Almost two weeks ago I went to a whisky tasting. Apart from the one I organized in April at De Whiskykoning it had been ages since I went, especially one hosted by my local bottle shop, Drinks & Gifts.
So, a home game, only a few hundred meters from my house. I still managed to be late. I had missed that this one started at 7.30 instead of eight o’clock. Silly me.
Anyway, initially the theme would be Cooper’s Choice, but that was changed into Cooper’s Choice and Valinch & Mallet. Without further notice the theme became ‘whatever Bresser & Timmer imports’. We ended up having some bottlings from Cadenhead and a Kilchoman as well. A tad strange, but nobody knew any of the bottlings (as far as I know) so I didn’t hear any complaints.
Jock Shaw then. A Scotsman turned Dutchman. He became Dutch after Scotland failed to vote Yes at the referendum a while ago. Before that he’d been living in The Netherlands for some 40 years or so. He’s a great chap who does hundreds of tastings throughout the country, mostly accompanied by folk music (his company is called Scotch & Folk).
I’ve met him a lot of times at festival where he generally mans the stand for Bresser & Timmer, a Dutch importer of a lot of brands. They import Cooper’s Choice, Cadenhead’s, Kilchoman, Tomatin, Compass Box, Glencadam, Teeling, Kavalan and dozens of other brands.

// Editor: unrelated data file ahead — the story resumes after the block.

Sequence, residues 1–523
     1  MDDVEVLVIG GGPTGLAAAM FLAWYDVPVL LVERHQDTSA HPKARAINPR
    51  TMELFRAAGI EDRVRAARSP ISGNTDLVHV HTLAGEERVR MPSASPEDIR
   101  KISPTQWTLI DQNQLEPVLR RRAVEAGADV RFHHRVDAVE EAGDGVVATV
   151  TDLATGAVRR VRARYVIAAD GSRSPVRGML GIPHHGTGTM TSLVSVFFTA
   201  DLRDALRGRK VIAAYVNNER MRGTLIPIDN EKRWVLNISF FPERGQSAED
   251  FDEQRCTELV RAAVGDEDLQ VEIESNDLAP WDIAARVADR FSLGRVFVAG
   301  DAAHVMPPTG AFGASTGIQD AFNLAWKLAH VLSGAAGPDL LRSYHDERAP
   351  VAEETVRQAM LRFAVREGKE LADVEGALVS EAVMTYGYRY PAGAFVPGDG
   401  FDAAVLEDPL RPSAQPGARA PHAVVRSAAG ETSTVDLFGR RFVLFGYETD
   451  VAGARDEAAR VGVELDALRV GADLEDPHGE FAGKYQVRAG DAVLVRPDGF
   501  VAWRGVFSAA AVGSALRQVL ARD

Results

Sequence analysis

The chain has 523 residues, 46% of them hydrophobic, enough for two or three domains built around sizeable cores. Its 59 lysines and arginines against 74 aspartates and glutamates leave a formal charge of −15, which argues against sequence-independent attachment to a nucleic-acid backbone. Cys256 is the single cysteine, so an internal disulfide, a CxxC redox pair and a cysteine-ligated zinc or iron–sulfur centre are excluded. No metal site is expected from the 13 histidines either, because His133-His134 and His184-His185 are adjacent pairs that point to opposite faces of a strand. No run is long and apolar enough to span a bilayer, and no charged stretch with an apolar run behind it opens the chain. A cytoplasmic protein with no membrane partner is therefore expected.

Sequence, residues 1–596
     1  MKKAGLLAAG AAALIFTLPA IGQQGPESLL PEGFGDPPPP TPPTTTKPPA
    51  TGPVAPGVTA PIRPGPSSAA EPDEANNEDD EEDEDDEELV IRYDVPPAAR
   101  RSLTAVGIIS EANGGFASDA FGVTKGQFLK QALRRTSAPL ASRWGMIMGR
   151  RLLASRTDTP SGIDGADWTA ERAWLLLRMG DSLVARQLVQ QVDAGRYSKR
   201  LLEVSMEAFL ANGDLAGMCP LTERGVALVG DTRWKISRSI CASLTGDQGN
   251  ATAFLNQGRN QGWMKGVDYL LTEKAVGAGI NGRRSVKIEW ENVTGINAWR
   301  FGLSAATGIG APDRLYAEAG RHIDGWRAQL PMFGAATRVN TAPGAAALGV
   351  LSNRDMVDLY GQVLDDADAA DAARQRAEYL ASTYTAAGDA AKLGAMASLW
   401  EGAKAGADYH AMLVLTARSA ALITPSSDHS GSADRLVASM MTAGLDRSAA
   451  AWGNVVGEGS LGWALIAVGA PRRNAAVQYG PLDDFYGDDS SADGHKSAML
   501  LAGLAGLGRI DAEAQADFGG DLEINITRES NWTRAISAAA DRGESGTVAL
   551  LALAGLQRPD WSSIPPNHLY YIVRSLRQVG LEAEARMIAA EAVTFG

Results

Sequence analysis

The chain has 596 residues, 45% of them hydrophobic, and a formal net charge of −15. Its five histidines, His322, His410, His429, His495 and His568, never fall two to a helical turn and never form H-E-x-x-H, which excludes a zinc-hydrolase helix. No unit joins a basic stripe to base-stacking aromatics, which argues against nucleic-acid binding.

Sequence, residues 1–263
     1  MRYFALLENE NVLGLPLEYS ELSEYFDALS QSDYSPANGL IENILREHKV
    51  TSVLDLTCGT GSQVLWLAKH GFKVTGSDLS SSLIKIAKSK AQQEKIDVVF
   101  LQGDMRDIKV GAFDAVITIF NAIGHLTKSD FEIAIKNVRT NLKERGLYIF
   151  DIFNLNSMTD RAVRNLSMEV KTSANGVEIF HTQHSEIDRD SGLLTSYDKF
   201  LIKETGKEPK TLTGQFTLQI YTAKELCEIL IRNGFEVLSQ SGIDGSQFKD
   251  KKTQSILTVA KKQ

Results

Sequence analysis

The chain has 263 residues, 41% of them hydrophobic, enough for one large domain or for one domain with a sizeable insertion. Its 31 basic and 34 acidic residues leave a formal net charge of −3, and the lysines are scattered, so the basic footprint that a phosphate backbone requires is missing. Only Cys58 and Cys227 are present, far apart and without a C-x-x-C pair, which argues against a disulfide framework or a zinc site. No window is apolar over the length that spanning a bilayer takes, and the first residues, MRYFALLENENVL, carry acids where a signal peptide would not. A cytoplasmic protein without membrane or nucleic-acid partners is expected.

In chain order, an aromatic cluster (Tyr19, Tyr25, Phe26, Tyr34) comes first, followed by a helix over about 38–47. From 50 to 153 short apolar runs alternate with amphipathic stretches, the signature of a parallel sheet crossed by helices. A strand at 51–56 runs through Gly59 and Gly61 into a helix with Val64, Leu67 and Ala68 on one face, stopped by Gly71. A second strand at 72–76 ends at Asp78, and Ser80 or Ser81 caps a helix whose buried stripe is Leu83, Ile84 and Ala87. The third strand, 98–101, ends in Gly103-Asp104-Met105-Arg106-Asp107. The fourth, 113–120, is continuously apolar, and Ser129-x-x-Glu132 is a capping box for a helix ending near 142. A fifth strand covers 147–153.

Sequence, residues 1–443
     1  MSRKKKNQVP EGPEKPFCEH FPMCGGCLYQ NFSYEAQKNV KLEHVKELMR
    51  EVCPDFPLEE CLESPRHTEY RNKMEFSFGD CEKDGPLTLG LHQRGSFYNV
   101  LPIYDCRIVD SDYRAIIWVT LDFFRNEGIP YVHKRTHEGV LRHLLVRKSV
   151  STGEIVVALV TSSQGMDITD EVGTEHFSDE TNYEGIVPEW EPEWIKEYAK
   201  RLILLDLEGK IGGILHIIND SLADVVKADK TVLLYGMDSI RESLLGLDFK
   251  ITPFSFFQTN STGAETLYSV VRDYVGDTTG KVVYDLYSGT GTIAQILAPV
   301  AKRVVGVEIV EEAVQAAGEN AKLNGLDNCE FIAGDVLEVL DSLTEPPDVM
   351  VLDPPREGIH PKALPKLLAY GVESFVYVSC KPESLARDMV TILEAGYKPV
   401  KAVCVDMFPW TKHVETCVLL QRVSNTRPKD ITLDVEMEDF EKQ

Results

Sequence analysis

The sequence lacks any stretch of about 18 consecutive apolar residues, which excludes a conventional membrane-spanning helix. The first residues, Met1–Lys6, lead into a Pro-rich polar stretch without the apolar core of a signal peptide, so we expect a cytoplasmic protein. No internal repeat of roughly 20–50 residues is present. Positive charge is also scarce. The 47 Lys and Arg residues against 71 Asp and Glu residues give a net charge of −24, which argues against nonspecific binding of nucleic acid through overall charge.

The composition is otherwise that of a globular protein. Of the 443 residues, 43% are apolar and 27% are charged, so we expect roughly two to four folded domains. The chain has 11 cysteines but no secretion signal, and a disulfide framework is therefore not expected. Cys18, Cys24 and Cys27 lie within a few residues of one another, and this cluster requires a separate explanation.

The tasting was pretty awesome, and it was made more cool by Jock’s shameless self-mocking, cabaret and music. A lovely time was had by all.
Strathisla 18, 1997, 56.9% – Cadenhead’s Small Batch
On the nose the whisky was spicy with some wood influence. There’s apple and pepper, and some old malt. The palate was quite sharp and peppery. Lots of oak and malt, some dried apple too. The finish, again, brought pepper, baking spices and some fruit. Quite long.
Not the most interesting whisky, but nice enough. I felt it didn’t taste like an 18 year old Strathisla should. It was lacking a bit of depth.
Mortlach 21, 1994, 52.1% – Cadenhead’s Single Cask (gold label)
This whisky had vanilla and creme brulee on the nose. It was warming and syrupy. Slightly meaty with caramel and candied lemon. The palate is sweet, fruity and has some vanilla flavors. It becomes sharp after that with flavors of dry tea and hazelnut. The finish is dry and long with flavors of oak, some vanilla and grain.
A good Mortlach and one that’s much better than most Bourbon matured Mortlachs I’ve had. Lovely and great flavors and complexity.
Linkwood 26, 1989, 53.1% – Valinch & Mallet
The only V&M bottling in the tasting brought licorice, both the candy and root on the nose. It also had caramel, cinnamon and creme fraiche. The palate is quite smooth with vanilla, soft oak, oak shavings en white pepper. The finish mellows quickly and has fresh oak, moss and other foresty greens. Licorice and caramel too.
This was the star of the show. Also the most expensive bottle on the menu, but in this case the money went straight towards awesomeness. Quite unlike many Linkwoods I’ve had, but unique in its own way. Especially the creamy note on the nose made it interesting.
Tomorrow I’ll post part two with the remainder of the tasting notes and some more ‘impressions’. But, let’s just say it was a great tasting so far!